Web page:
There were lilacs blooming in my dooryard.
But they are browning now, and they are almost gone; they were very early lilacs.
It is strange to see them at the end of their lives now, since, usually, they are my markers of my birthday – late April, the time of spring coming back, the time of the thaw, the time when everything feels like home again, like live grass and new birds.
I’ve chosen houses based on whether there were lilacs there. I’ve stayed in this house, as I wrangle with the bank over possible foreclosure, sometimes only with the hope of seeing another bloom of those trees from the windows of my own office.
The lilacs in my backyard when I was little were taller than the ancient trees in my Chicago garden. They were so tall that they stood like a curvy wall of trunks topped with heart-shaped leaves. I could lie on the bare ground under them and pretend things, like forts and like towers and dragons, since that was what I would be pretending anyway, flowers or no.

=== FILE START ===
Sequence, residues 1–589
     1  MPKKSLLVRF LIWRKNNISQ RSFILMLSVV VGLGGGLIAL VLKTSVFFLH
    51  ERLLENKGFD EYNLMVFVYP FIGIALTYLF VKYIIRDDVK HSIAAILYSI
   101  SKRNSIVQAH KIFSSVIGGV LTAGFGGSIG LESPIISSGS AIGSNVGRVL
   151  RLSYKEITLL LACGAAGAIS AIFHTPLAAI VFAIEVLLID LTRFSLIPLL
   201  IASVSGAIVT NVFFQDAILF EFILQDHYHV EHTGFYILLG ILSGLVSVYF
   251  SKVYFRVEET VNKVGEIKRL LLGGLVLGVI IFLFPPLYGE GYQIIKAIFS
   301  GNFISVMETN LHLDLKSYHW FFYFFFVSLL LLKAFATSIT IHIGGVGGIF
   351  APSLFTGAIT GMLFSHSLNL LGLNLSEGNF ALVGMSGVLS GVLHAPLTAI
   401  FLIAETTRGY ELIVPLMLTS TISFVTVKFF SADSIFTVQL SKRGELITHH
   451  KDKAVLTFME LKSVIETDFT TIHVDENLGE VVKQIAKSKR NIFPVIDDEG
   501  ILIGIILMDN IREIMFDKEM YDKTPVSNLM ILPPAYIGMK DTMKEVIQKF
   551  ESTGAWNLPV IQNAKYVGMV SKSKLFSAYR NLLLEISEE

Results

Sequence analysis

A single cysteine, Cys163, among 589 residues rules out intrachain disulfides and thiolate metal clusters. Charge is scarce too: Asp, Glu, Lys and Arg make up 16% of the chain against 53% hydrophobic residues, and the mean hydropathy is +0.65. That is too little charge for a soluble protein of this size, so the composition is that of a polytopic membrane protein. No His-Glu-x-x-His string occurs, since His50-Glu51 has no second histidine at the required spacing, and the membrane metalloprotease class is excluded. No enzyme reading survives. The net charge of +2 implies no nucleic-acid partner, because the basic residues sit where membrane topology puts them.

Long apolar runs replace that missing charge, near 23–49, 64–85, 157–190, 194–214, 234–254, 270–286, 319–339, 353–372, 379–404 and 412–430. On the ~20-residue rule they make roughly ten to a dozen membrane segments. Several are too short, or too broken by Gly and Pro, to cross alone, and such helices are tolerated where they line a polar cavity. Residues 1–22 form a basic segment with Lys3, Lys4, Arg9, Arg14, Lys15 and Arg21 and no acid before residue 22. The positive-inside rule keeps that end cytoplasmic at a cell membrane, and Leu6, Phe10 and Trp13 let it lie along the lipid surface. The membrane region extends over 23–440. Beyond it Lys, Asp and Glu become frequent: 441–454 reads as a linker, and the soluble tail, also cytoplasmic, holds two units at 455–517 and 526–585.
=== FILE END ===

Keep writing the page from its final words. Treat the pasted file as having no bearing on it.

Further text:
In the Massachusetts of my childhood, I could have told you exactly the week they would bloom. In Chicago, I used to be content to know that they would bloom on my birthday if I was lucky, Mother’s Day if the year was cold.
This year they bloomed in March.
The winter and spring we had out here was far too warm far too early and, really, if you were paying any attention at all, terrifying.